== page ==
The electronic calculator killed off most of the mechanical calculators that were in use until the early 1970s. When Hewlett Packard’s HP35 calculator appeared in 1972 [at a cost of $395] the writing was on the wall for slide rules, addiators, addometers and all the other ingenious devices that were used to add, subtract, multiply and divide.
One device did survive and is still being used to this day. That is the slide chart [or the wheel chart if circular rather than rectangular]. They were not really affected by the introduction of the electronic calculator and there are several companies which continue to design and sell slide and wheel charts for all kinds of purposes.
In ‘Reinventing the Wheel’ [ISBN 1-56898-596-7] Jessica Helfand claims that wheel charts [she prefers the archaic Latin name of volvelle ] have existed since the Middle Ages. Her book gives a history of wheel charts and images of over one hundred from her own collection. She has donated her collection to Yale University. A catalogue is available online.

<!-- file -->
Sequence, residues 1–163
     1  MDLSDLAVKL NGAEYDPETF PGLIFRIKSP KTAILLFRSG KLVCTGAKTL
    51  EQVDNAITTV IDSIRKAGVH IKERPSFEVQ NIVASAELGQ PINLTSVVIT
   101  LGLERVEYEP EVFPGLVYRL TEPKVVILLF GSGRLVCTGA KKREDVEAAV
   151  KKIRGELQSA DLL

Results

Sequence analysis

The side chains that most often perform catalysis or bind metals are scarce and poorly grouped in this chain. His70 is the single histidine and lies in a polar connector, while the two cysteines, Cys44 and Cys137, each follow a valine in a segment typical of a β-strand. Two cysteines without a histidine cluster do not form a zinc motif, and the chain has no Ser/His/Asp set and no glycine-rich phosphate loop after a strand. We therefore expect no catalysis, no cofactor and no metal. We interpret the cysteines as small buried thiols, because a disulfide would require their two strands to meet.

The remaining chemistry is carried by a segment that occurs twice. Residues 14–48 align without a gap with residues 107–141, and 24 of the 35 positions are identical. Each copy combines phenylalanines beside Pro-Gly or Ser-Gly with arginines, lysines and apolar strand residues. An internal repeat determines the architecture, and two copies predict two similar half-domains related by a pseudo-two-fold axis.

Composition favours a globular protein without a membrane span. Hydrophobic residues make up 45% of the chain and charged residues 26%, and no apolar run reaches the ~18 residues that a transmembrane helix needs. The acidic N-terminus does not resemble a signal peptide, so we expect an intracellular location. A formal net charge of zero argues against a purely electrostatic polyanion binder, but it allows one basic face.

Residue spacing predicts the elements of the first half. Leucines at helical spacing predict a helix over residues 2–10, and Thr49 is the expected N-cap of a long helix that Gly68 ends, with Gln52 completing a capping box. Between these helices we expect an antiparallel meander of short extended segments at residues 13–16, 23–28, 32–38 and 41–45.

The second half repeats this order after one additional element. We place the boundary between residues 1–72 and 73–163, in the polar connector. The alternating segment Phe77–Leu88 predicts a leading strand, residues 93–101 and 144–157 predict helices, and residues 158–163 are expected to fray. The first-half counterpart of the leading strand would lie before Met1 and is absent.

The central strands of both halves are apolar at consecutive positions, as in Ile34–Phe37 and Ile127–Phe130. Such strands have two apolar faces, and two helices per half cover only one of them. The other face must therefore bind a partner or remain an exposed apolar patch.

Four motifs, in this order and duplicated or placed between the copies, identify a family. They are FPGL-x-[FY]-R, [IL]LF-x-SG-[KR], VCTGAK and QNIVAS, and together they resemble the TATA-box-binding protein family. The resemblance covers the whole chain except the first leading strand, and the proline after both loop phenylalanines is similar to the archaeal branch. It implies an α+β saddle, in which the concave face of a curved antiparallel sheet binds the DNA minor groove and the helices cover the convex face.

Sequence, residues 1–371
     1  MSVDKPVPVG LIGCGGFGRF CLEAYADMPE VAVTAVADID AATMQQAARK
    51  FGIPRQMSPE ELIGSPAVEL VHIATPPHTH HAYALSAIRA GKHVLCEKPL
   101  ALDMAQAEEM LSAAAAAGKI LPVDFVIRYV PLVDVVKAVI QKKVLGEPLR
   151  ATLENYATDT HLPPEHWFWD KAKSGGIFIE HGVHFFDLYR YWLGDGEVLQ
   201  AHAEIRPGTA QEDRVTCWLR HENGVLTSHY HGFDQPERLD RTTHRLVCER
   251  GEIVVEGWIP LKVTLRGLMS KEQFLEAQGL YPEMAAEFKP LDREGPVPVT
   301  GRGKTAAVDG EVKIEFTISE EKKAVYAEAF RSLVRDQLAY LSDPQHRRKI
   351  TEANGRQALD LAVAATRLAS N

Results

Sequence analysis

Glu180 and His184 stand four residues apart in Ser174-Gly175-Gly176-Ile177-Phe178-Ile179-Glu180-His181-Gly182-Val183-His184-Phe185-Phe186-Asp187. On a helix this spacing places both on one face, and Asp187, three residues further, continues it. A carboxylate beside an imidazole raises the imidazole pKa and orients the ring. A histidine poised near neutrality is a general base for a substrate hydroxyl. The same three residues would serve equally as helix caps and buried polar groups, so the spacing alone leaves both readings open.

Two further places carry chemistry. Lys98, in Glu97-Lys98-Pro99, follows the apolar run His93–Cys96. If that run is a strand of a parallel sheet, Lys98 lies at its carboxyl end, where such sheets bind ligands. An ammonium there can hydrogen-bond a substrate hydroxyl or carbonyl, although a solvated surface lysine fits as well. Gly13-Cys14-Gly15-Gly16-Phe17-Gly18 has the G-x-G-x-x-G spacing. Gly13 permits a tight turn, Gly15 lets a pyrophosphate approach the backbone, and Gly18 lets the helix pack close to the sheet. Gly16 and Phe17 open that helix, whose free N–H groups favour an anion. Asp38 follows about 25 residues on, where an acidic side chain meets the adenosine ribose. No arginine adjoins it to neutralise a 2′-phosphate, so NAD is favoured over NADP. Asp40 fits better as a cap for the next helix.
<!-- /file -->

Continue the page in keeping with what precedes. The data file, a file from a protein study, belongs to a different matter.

Why have slide and wheel charts survived when slide rules haven’t? One reason is that they are about presenting information rather than about calculation. Information which can be read off scales [see the IBM slide chart below] or seen through die cut windows [as with the Kellogg wheel chart above]. Another reason is that they are specialized. There are charts about nuclear radiation, sports, profit and loss, dates, general knowledge and so on. A third reason is that they are often created for advertising or publicity purposes. A possible fourth reason is that they often attractively designed and interesting.
They are hand held devices so they are usually about 6-8 inches in diameter. Many are made of card, though plastic or metal devices are not uncommon. Some are very ingenious, and the older and quirkier ones are collectable.
I will add to the illustrations in this post as time goes on.
Click on the volvelle tag for more examples